September 27, 2007

Socratis Mavromatis photos exhibited in Connecticut

Posted at 1:40 pm in Acropolis, Elgin Marbles

Socratis Mavromatis’s photos of the Parthenon & its sculptures are on display at Fairfield University.

Fairfield Mirror (Fairfield University, Fairfield, Connecticut)

‘Archaeology’ exhibit: Where the lens meets the marble
By: Marie Montgomery
Issue date: 9/27/07

“There is this irony right away, that a photograph is flat [but] you are looking at stunning sculpture, archeological sites, ancient temples, all of these things which occupy space and are three dimensional,” said Katherine Schwab, art history professor and organizer of the “Creative Photograph in Archaeology” exhibit.

The exhibit opens today at the Walsh Gallery in the Quick Center and features 76 black and white photographs depicting Greek antiquities that have been produced from high resolution scans of the original negatives.

The exhibit features the work of William James Stillman, Frederic Boissonnas, Herbert List, Goesta Hellner and Socratis Mavrommatis.

A collaboration with Socratis Mavrommatis and the Benaki Museum in Athens, the exhibit will run until Dec. 9. It will then tour the U.S. Another set of the photographs will premiere a year from now at the Benaki Museum in Athens before heading on a tour of Europe.

Covering a range of 150 years the photographs display a change in time of the artificts as well as change in style by the photographers.

“It was fascinating to see the different ways in which these Greek monuments and their architectural details could be captured through the lens of the same device: a camera,” said Angela Howard ’08, an art history major who did research for the exhibit.

Schwab points out the change that clearly took place after World War I in the way photographs were taken.

“You start to see this close cropping and an emphasis on light and shadow, that is extreme to highten emotional content,” she said. “Those photographers were not trying to produce photographs to tell information. They were trying to elicit an emotional response from the viewer. They were very aware of you, the viewer, looking at their photograph.”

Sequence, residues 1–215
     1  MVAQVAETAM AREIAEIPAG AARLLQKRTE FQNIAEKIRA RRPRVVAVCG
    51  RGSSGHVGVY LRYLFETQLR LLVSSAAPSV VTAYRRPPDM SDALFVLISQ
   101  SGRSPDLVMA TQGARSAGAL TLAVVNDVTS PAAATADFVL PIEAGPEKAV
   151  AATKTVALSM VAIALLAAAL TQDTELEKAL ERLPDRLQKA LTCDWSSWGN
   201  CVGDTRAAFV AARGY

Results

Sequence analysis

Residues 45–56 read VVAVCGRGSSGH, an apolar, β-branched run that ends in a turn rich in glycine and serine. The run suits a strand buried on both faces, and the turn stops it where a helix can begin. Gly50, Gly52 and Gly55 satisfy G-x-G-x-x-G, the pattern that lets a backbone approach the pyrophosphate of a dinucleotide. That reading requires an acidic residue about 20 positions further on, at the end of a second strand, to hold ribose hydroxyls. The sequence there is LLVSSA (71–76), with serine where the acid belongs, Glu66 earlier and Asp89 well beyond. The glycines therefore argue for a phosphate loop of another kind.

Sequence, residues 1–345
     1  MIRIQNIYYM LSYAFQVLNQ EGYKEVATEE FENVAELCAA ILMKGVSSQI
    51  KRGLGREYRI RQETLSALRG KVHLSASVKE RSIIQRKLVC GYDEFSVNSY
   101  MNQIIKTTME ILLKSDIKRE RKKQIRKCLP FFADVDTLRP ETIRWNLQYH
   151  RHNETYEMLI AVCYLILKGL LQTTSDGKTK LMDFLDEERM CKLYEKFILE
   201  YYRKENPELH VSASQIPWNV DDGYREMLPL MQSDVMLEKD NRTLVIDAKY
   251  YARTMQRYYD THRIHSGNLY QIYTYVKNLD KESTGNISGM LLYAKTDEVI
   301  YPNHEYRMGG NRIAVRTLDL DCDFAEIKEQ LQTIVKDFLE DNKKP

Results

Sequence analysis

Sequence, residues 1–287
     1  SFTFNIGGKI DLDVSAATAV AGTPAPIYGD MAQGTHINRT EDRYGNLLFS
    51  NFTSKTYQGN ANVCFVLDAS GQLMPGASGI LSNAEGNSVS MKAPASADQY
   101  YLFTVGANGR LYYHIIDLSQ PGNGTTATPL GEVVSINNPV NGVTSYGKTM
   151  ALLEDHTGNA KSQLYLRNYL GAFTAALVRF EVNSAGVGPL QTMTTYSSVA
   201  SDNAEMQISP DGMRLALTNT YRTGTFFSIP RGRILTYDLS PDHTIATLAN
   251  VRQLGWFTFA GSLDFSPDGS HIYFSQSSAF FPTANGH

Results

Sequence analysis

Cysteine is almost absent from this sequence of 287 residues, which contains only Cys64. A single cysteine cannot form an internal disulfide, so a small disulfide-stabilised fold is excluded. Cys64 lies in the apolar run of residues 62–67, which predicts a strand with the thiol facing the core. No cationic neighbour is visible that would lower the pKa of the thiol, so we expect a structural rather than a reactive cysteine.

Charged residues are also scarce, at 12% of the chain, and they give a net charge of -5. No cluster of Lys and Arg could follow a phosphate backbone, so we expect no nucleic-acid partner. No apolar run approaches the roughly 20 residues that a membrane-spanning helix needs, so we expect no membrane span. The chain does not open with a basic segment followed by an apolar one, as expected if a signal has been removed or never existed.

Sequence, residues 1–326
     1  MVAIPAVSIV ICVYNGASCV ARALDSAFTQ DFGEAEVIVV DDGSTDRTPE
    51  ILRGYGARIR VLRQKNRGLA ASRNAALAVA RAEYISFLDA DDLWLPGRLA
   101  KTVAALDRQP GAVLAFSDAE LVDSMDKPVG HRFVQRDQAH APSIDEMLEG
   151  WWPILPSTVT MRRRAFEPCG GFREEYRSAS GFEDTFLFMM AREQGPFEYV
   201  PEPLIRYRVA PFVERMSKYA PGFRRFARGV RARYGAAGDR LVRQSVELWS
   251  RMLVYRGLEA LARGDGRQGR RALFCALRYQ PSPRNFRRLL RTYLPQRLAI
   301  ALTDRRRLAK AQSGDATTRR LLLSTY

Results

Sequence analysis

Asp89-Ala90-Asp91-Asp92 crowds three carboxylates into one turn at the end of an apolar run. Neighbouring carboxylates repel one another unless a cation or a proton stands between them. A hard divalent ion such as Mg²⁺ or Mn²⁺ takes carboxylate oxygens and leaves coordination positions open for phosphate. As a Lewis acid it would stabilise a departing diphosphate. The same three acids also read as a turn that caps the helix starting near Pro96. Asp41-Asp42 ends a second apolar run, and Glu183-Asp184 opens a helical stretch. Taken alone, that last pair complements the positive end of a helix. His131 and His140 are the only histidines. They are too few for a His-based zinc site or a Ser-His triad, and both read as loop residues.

It is easy to see the transition of time and style in the exhibit because the walls of gallery have been removed, giving viewers a chance to absorb the full chronology.

Much of what is captured in the photographs hold an archaeological significance as the only clear record of what the antiquity originally looked like. One such example in the exhibit is of the caryatids: “Statues of women acting like columns, they support a porch on a beautiful building called the acrseum,” said Schwab.

“The air pollution in Athens from the 1960s to ’80s produced devasting effects up on the acropolis,” she said. “And these women’s faces melted away every time it rained.”

Through the photographers of the caryatids, the detail that has long gone will be preserved forever.

The most difficult part for the viewer will be to look beyond the object in the photograph to the photograph itself. Even Schwab suggests this difficulty.

“It is very hard to not look at the subject in the photograph but instead to look at the actual photograph,” she said. “The photographs, because they are beautiful, really pull you in so that you are looking at what is portrayed.”

Socratis Mavrommatis asks that viewers step back and look at the photograph through the photographer’s eye. “The angle, the framing, and the choice of lighting, all of these work as tools in a photographers hand,” said Mavrommatis. “The main thing was what he or she had in his mind before they doing the photographs.”

The minds of photographers provide the viewer with a portal into a different world, ranging from a simpler world picturing an Athens surrounded by farmers and other times into bleaker existence displaying the broken unrecognizable statues of the past. Regardless of the meaning, the photographs show the impact of one of the most influential places in the world: Greece.

Perhaps the most important component of the exhibit is finding hidden meaning in the photographs. In our society, we often become passive viewers and let media flow over us without even blinking.

For a true understanding of the photographs one must challenge themselves. It is the ultimate challenge, Mavrommatis said, “to try to find out where the creativity exists.”

“Creative Photograph in Archaeology” will open today with a symposium starting at 1 p.m. Thurs, Sept. 27.

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